The Canadian province of Alberta received $25 million less from carbon-emissions fines in the past eight months than it expected, the Edmunton Journal reports.
This means large industrial emitters are cutting their greenhouse gases rather than paying fines for missing their climate-change targets.
The province’s requirement that companies cut their per-barrel or per-unit of energy emissions by 12 percent below mid-decade levels suggested to some the government might collect upwards of $65 million toward its Climate Change and Emissions Management Fund in the 2006-2007 fiscal year.
Instead it collected only around $40 million.
Companies in the province reduced their greenhouse gas emissions by 2.6 megatonnes, the equivalent to taking 550,000 vehicles off Alberta roads. The cuts were likely outstripped, however, by increased emissions from Alberta’s industrial and population boom. By 2005, Alberta’s total annual greenhouse gas output was 233 megatonnes, having risen an average of 4.2 megatonnes annually since 1990.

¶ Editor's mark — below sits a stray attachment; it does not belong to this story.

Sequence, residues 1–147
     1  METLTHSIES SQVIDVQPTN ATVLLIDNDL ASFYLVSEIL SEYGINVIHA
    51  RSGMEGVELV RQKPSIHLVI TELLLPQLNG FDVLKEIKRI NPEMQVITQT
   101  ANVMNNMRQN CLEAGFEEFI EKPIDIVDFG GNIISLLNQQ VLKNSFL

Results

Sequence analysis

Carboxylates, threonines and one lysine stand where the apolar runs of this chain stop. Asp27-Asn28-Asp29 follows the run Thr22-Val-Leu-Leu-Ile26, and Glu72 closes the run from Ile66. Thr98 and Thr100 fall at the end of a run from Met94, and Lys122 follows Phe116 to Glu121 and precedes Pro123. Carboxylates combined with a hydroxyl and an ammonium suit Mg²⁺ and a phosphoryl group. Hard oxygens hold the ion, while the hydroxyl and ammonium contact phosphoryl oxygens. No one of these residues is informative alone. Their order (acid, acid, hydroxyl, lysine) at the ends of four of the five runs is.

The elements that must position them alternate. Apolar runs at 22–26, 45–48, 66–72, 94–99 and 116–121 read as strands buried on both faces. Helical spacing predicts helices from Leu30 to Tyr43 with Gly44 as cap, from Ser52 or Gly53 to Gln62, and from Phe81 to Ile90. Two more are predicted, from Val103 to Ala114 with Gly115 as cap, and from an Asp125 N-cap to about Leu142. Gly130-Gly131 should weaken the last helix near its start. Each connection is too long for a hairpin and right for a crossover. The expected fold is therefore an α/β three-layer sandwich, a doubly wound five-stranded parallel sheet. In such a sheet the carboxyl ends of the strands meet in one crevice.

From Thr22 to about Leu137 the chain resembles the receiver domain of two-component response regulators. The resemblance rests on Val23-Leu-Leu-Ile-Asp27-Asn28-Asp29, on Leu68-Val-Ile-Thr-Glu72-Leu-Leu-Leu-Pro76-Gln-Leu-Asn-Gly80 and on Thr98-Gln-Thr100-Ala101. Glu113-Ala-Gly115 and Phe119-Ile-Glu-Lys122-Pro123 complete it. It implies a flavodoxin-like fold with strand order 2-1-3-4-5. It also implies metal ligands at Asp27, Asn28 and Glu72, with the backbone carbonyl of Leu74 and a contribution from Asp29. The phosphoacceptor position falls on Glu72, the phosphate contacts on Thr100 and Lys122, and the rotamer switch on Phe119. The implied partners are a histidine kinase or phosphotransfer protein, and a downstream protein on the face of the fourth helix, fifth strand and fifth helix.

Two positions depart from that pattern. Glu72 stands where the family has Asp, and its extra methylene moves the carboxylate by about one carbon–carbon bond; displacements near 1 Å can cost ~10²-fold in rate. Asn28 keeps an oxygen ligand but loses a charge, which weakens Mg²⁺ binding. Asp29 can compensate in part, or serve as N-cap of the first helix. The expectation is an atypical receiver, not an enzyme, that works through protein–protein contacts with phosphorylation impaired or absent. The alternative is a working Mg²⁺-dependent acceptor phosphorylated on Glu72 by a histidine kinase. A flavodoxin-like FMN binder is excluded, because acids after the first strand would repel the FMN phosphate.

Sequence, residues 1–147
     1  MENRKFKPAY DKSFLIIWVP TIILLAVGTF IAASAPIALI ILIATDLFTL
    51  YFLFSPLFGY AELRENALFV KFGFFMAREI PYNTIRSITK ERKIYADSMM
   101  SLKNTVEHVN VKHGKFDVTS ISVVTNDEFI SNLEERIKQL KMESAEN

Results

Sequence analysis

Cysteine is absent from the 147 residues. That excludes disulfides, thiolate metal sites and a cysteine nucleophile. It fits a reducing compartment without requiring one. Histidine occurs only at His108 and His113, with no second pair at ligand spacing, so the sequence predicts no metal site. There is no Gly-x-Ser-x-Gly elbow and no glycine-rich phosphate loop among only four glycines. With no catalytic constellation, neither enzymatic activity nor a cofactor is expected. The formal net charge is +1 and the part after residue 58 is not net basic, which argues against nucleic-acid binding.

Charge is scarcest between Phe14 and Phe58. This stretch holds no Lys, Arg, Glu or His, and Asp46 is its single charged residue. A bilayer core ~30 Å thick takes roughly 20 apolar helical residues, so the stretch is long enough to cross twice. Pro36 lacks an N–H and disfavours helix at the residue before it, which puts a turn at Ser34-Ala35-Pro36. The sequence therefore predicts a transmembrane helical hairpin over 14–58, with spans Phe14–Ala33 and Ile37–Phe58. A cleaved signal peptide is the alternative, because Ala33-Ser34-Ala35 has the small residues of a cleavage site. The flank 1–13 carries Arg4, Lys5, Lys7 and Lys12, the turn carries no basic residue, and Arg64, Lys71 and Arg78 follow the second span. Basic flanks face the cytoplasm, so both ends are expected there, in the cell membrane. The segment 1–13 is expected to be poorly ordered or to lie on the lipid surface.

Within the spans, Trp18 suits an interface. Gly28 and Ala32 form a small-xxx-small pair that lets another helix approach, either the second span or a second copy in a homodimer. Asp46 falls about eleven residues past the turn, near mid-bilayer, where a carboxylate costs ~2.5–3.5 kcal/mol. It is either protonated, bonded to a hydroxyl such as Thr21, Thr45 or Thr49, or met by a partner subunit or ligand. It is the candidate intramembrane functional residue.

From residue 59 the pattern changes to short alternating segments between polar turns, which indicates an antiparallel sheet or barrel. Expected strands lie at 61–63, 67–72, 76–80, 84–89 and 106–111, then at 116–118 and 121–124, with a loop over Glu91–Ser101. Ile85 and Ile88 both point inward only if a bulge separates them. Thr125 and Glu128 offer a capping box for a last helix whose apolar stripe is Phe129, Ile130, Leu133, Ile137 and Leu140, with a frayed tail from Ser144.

Canada’s federal environment commissioner Johanne Gelinas was fired last year shortly after expressing concerns about massive expansion in the Alberta oilsands and the resulting greenhouse gas emissions.